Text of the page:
Donald Trump
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With an assist from Charles Pierce, I came across an article in Vanity Fair that details allegations made in court filings against Robert Mercer by a former business associate named David Magerman. I am not surprised by Mercer’s banal views on the Civil Rights Act of 1964 and its effects, but I am relieved to see Mercer’s views on what’s “not important.”

In court papers filed on Friday, Magerman argues that following a pair of phone conversations in which Mercer expressed arguably racist opinions, Magerman felt obliged to inform the press about his boss’s viewpoints—and that he received verbal assurance by Renaissance C.O.O. Mark Silber that the statements he intended to make were “permissible under company policy.” Those racist opinions, according to Magerman, included comments such as: a) The United States began to go in the wrong direction after the passage of the Civl Rights Act in the 1960s; b) African Americans were doing fine in the late-1950s and early-1960s before the Civil Rights Act; c) The Civil Rights Act “infantilized” African Americas by making them dependent on government and removing any incentive to work;d) The only racist people remaining in the United States are black; and e) White people have no racial animus toward African Americans anymore, and if there is any, is it not something that the government should be concerned with.

The best part of the filing, at least to us, was that when Magerman “point[ed] out that society was segregated before the Civil Rights Act and African Americans were required to use separate and inferior schools, water fountains, and other everyday services and items,” Mercer allegedly responded that “those issues were not important.” In a subsequent phone conversation (the “white supremacist” one), Magerman claimed Mercer initially “disputed that he had said such things, although he did not actually deny saying them” and “in the course of rehashing the conversation . . . repeated many of these same views, and even cited research that allegedly supported his opinion that the Civil Rights Act harmed African Americans economically.” (A spokesman for Renaissance declined to comment.)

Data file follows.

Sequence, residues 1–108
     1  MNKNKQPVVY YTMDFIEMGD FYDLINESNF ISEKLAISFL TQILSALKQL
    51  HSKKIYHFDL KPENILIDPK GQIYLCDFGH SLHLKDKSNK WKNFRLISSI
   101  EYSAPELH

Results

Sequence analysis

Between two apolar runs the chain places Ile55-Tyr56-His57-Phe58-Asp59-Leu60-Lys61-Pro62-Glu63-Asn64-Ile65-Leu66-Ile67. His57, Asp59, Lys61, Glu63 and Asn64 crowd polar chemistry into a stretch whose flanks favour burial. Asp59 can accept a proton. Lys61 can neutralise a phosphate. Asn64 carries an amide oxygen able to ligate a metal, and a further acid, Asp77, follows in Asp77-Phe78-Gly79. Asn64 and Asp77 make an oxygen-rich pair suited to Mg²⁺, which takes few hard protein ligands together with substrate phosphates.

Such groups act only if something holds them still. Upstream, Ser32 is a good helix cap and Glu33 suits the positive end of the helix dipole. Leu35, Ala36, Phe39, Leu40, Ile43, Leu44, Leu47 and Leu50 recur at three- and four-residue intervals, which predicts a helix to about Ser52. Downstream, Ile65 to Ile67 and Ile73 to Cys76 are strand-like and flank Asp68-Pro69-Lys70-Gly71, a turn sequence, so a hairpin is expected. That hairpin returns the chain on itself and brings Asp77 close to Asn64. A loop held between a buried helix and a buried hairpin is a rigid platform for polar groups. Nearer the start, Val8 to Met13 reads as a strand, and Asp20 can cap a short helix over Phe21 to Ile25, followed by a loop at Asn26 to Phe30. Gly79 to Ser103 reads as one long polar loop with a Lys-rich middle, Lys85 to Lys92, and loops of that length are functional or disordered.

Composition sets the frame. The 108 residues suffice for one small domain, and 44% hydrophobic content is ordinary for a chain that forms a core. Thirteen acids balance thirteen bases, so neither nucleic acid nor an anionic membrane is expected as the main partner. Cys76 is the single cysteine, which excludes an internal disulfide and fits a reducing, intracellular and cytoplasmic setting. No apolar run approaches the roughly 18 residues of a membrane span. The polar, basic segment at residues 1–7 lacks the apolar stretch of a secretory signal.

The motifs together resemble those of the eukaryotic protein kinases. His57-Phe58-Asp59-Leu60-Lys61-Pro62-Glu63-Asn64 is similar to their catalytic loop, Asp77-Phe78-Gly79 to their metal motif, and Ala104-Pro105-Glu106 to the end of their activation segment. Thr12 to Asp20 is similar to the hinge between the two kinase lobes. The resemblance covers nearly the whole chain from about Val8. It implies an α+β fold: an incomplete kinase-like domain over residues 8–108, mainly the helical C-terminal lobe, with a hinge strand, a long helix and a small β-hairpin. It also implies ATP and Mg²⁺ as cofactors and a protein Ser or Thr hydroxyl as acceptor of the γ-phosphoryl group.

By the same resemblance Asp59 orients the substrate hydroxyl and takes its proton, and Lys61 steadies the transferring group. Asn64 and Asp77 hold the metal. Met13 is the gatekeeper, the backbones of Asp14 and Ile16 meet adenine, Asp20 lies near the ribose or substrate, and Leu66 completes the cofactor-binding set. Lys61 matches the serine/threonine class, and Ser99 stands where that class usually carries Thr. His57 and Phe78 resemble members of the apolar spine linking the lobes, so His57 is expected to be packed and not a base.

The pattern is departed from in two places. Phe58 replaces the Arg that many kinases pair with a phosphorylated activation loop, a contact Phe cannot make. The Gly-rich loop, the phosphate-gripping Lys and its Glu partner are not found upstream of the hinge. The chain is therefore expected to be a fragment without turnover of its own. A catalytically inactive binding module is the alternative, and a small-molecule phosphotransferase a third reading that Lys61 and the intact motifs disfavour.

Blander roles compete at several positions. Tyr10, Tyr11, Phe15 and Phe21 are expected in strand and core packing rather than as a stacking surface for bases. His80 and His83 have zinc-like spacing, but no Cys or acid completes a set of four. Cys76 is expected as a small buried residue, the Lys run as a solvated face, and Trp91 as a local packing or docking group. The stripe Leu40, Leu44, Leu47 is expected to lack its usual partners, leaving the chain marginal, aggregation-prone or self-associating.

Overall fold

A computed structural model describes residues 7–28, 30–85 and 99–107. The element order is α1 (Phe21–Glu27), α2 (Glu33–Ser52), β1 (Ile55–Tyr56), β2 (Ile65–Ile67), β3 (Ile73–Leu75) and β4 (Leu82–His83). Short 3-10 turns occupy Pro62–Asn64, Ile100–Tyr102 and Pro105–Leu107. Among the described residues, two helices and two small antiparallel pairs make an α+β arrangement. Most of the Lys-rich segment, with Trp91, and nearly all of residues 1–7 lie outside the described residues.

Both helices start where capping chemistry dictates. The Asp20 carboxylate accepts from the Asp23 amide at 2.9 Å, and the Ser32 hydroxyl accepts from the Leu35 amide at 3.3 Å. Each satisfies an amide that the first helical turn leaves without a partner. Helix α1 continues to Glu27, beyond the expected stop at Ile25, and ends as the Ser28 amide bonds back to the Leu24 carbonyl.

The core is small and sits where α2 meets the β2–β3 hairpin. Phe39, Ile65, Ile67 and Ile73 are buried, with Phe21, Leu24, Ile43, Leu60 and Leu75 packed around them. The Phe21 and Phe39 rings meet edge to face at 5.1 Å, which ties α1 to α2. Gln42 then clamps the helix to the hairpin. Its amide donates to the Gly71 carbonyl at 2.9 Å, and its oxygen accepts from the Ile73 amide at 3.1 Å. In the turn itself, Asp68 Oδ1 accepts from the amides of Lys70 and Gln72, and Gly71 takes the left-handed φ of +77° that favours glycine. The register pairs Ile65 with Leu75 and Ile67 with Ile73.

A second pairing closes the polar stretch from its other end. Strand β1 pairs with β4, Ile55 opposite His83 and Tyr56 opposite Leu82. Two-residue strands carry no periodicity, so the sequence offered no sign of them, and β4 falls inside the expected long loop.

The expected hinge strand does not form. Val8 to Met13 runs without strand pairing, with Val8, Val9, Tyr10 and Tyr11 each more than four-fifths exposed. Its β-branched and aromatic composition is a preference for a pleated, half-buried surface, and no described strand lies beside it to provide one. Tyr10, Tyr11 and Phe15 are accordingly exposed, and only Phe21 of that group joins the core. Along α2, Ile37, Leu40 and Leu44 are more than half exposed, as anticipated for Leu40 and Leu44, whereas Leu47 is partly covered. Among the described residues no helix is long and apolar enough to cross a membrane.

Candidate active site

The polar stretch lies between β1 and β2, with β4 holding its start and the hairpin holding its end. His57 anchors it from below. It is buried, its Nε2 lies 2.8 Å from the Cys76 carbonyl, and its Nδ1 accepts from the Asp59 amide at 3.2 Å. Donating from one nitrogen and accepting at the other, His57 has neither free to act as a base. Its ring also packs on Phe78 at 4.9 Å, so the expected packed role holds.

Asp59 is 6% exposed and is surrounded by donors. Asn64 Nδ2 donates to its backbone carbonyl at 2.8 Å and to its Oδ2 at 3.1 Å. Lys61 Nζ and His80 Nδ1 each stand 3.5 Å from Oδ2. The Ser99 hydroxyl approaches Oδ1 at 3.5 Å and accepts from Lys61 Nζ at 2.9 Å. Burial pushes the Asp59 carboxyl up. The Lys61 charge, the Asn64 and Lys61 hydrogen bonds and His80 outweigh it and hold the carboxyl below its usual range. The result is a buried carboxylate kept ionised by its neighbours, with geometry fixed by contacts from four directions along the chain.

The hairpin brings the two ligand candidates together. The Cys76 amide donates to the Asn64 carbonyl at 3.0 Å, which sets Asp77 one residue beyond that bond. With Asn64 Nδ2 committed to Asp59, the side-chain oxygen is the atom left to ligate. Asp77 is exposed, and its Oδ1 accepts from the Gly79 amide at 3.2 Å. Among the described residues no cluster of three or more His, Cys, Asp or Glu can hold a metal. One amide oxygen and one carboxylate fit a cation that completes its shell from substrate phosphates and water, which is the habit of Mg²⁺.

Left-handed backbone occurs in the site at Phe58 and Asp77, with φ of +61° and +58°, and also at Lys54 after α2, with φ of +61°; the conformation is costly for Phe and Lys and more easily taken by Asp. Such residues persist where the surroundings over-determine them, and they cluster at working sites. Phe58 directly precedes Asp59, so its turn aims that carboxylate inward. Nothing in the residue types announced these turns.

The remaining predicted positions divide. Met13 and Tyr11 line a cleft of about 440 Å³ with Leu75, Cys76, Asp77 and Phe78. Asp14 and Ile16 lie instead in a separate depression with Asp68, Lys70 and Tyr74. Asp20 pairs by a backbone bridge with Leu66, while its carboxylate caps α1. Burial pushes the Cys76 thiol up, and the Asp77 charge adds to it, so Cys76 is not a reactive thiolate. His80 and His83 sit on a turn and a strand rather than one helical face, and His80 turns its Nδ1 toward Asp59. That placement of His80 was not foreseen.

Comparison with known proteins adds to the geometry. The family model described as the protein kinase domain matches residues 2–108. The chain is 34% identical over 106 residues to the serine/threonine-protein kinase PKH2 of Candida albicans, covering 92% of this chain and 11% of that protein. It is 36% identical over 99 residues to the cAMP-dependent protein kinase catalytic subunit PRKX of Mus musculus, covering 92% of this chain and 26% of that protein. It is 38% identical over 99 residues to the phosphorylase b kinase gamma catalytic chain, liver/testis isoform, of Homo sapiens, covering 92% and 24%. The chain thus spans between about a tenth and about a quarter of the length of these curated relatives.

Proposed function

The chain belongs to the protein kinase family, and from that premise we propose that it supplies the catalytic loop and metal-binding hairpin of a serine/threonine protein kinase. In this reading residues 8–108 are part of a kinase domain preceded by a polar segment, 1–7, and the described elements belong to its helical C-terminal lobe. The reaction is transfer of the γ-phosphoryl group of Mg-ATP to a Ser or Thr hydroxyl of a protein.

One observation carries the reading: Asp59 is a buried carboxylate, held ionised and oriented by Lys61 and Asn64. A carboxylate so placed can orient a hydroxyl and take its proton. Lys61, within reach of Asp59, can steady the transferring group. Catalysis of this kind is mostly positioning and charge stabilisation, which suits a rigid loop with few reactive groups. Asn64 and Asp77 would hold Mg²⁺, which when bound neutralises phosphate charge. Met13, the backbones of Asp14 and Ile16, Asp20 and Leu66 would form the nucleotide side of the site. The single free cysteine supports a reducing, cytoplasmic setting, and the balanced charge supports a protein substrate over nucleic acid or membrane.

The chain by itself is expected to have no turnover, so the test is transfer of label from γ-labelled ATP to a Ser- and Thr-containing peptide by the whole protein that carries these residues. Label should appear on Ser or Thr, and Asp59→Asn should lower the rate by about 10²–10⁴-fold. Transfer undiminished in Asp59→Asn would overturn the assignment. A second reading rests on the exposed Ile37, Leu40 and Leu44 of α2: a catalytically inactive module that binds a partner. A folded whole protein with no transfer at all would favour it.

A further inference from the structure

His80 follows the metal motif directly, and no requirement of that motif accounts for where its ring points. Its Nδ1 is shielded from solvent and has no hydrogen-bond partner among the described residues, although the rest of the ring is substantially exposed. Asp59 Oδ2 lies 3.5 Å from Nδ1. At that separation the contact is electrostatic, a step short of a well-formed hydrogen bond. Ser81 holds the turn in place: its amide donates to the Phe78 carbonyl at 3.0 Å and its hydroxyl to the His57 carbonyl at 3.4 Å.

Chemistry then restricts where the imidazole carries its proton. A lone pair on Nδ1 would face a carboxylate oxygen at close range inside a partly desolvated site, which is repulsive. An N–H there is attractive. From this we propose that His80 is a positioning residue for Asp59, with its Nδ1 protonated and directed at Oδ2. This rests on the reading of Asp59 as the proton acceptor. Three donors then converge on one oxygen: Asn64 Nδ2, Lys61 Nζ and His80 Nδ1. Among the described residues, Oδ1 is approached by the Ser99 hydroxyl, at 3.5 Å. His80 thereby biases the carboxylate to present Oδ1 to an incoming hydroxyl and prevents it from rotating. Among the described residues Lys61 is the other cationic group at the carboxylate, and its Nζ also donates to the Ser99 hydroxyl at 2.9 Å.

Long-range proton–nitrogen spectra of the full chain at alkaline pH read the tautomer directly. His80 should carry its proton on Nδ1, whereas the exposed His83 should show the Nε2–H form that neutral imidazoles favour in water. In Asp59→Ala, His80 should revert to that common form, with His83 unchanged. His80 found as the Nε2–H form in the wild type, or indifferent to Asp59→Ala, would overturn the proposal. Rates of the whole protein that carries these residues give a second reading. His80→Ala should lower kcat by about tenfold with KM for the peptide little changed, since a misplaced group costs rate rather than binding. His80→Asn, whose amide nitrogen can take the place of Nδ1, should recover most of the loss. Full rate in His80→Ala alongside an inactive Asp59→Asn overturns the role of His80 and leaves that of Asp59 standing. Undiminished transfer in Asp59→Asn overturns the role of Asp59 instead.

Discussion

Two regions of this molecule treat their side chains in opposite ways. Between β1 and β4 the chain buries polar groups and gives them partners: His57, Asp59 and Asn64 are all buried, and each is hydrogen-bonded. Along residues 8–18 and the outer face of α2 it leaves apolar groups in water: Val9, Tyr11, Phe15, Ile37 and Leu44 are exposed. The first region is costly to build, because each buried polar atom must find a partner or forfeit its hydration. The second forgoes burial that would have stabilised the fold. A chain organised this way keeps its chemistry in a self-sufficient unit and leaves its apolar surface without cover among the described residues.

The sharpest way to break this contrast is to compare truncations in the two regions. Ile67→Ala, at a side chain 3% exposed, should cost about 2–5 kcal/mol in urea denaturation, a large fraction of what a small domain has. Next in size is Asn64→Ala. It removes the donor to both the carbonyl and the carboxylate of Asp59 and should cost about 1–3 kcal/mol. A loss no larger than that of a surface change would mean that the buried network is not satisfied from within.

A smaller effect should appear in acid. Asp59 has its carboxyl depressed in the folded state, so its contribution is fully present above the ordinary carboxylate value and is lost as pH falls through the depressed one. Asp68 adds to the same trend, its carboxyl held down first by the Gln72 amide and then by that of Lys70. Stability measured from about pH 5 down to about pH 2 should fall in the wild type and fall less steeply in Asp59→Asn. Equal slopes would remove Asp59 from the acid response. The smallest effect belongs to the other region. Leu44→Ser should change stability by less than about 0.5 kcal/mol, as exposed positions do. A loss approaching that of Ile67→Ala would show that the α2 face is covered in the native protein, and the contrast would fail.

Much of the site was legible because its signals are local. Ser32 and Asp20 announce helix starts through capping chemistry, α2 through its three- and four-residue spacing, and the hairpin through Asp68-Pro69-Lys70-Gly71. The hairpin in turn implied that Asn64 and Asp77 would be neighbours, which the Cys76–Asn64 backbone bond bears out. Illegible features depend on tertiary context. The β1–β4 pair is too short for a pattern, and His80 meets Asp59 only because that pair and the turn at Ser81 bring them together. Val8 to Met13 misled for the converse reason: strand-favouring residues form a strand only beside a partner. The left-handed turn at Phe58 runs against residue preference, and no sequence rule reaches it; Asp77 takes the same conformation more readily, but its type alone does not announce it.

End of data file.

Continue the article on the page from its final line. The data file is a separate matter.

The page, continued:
I’ve heard many conservatives argue that blacks were infantilized by government assistance that arose out of President Lyndon B. Johnson’s War on Poverty. I haven’t really seen the Civil Rights Act itself blamed before. But the basic argument isn’t novel or particularly unusual in Republican circles. It’s just that they usually have the good taste not to blame equal citizenship for this infantilization. They normally stay focused on the idea that poverty assistance had a perverse and unintended effect.

Robert Mercer may be the first person I’ve heard argue that all the depredations that blacks suffered under the Jim Crow regime were “not important.” His reasoning seems to be that blacks were “doing fine” under that regime when compared to what came after the major civil rights legislation of the 1960’s.

Even if you could find some metrics to support this argument, it’s unusual to say that the Civil Rights Act was to blame.

But this is allegedly how Robert Mercer feels, and that probably explains why he funds Breitbart News and is Trump’s biggest benefactor. The view that blacks were better off when they lacked full citizenship and that their welfare had nothing to do with their ability to vote or find housing or have equal access to public accommodations, these are not mainstream Republican or conservative views. They take a noxious and highly contentious set of beliefs about government programs and put them on racist steroids.

With this set of beliefs, you could justify doing almost anything to the black community on the premise that they’d actually be better off.

I see no particular reason to believe that Steve Bannon and Donald Trump don’t share these views with Robert Mercer, and I’d like to see them deny it.

Martin Longman

Martin Longman is the web editor for the Washington Monthly. See all his writing at